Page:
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Red Cross looks to IT for post-Katrina recovery

It moved satellite communications equipment into place before the hurricane hit

By Todd R. Weiss
August 29, 2005 12:00 PM ET

Computerworld - Katrina CoverageOnce Hurricane Katrina has taken a final swipe at Louisiana, Alabama and Mississippi, the American Red Cross will begin quickly deploying satellite communications and other IT systems in affected areas to help storm victims begin piecing their lives back together.
As the storm approached the Southern U.S. late last week, the Washington-based Red Cross began sending equipment and personnel to areas outside the storm's projected path so help could be brought in quickly after the winds and flooding subside. Katrina made landfall in Louisiana early this morning with sustained winds of 145 mph, but veered just enough to the east to spare New Orleans a direct blow. Even so, flooding, power outages and heavy damage to structures were reported throughout the region.
The Red Cross tomorrow expects to begin deploying a host of systems it will need, including satellite telephones, portable satellite dishes, specially equipped communications trucks, high- and low-band radio systems, and generator-powered wireless computer networks, said Jason Wiltrout, a Red Cross network engineer.
Nine specially designed Ford Excursion sport utility trucks, dubbed Emergency Communications Response Vehicles (ECRV), include various radio systems that allow communications on a wide range of frequencies across disaster areas, Wiltrout said. The vehicles haveVery Small Aperture Terminal generator-equipped satellite dishes that can help establish communications in the absence of working phone lines and cell phone towers.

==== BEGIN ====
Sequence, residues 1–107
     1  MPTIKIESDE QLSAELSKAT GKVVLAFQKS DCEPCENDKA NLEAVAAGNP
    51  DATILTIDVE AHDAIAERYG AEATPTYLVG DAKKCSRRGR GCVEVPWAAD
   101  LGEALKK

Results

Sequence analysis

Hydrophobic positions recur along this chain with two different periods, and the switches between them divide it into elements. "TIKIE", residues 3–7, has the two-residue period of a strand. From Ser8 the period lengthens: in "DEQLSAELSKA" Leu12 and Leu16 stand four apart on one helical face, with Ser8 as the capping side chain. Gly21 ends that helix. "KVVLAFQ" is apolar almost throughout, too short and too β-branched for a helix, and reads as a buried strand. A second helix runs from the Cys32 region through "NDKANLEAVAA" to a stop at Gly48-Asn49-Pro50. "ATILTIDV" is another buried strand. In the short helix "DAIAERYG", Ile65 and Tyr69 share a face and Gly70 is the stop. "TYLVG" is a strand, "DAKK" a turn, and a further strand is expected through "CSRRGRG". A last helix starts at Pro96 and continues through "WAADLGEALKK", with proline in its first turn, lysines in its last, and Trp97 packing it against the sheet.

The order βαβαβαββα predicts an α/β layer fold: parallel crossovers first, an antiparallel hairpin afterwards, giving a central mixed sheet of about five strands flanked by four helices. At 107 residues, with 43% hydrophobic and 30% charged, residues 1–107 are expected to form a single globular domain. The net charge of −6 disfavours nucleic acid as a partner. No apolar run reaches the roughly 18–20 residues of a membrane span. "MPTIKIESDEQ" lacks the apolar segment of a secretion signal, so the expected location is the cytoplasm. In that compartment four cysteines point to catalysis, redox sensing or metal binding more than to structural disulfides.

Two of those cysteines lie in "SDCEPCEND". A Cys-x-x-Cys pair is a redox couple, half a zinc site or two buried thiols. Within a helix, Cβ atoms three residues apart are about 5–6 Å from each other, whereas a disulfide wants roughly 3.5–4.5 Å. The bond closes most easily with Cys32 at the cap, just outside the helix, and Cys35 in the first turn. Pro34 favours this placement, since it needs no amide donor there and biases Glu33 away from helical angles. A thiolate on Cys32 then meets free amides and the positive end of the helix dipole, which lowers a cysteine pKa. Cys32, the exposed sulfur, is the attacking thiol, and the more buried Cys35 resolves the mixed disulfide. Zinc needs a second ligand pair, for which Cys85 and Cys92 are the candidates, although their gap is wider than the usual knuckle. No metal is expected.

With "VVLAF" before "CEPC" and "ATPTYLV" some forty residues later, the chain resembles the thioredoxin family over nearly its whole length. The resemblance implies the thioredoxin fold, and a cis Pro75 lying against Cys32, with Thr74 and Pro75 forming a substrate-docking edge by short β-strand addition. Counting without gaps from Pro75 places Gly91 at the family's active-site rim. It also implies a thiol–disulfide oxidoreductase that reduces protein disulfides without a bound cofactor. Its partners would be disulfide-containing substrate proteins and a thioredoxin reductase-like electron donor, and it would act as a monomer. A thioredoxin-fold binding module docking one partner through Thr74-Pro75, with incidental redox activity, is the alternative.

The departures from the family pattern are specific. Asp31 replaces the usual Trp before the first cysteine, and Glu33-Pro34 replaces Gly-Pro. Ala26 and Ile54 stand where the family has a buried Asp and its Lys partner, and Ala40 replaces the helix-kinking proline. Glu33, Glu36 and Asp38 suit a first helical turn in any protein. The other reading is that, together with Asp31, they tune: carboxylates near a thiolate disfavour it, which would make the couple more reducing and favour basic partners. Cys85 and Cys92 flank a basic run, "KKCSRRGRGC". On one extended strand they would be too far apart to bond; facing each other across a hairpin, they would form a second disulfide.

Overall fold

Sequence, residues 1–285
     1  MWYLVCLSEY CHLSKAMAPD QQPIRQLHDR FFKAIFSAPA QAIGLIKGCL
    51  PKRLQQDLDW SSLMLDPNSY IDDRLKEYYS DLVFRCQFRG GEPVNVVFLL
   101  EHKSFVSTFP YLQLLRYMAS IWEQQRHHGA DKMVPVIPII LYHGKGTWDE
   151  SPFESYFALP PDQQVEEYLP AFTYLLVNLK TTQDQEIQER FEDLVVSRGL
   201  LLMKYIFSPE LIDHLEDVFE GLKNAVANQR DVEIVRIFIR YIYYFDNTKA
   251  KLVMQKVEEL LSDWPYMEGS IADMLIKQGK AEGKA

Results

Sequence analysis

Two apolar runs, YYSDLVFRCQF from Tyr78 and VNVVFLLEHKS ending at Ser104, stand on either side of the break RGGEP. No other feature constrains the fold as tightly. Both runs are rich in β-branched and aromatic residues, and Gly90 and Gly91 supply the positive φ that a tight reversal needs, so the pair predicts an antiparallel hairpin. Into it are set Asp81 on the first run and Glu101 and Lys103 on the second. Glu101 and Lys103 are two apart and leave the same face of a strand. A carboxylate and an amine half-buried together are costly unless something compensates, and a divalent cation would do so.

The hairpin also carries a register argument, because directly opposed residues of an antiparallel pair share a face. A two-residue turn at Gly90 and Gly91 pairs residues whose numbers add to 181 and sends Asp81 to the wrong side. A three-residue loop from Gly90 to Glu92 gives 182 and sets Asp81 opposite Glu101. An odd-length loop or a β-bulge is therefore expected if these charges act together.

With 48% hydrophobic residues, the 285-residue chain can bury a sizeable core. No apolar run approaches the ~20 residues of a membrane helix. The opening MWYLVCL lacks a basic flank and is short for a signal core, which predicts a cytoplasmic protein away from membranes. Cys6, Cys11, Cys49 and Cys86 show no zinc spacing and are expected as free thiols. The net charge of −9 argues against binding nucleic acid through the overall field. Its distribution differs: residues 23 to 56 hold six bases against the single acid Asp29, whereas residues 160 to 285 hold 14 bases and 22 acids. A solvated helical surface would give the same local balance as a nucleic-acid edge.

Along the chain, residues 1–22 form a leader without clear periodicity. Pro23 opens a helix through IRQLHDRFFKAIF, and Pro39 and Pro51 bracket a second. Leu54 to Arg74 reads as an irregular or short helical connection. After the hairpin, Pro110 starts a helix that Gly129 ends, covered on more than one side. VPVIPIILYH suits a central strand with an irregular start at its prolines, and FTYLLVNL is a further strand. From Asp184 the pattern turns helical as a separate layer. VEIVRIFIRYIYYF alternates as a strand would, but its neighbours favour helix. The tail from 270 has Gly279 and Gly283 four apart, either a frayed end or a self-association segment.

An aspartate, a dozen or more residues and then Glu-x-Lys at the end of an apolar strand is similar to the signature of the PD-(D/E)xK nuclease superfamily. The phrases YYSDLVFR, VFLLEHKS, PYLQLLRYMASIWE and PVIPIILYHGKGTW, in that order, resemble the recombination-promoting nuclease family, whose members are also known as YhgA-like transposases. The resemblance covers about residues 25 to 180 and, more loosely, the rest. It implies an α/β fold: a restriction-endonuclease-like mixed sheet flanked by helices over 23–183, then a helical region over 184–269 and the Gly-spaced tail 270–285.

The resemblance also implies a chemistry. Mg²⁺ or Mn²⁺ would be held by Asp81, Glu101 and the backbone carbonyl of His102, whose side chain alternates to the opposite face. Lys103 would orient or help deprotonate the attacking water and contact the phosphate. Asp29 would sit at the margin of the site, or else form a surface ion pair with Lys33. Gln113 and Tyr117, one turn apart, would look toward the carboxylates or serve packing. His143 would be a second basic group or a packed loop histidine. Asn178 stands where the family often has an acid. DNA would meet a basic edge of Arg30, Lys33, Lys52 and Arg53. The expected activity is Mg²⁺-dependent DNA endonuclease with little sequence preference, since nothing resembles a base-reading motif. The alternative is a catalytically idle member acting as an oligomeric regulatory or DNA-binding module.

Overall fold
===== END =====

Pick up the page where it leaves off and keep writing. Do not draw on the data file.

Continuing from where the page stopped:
Each of the ECRVs also has 10 voice-over-IP satellite phones and at least 10 wireless laptops, as well as a selection of portable, tripod-mounted satellite dishes used for communications after the storm's winds have eased.
Also awaiting deployment are IP-based fax machines and mobile servers built into shipping crate-like containers, Wiltrout said. Each two-crate server system includes a server, a Cisco Systems Inc. router, a Cisco switch, a keyboard and a monitor and will allow the agency to keep records on disaster victims who receive aid from Red Cross workers.

Martin Franke, executive director of chapter information systems at the Red Cross, said names, addresses and other information about victims will be collected using the laptops and then transmitted wirelessly via the portable servers to a central database running CRM applications from Siebel Systems Inc.
"It lets us give better service and better follow-up service" to victims because the records can be accessed later by any Red Cross worker from anywhere in the network, he said. "They're not going to have to tell [their] terrible stories once again" to get additional help at a later date.
Using the database, the agency can issue debit cards to victims to provide fixed amounts of emergency funds for housing,



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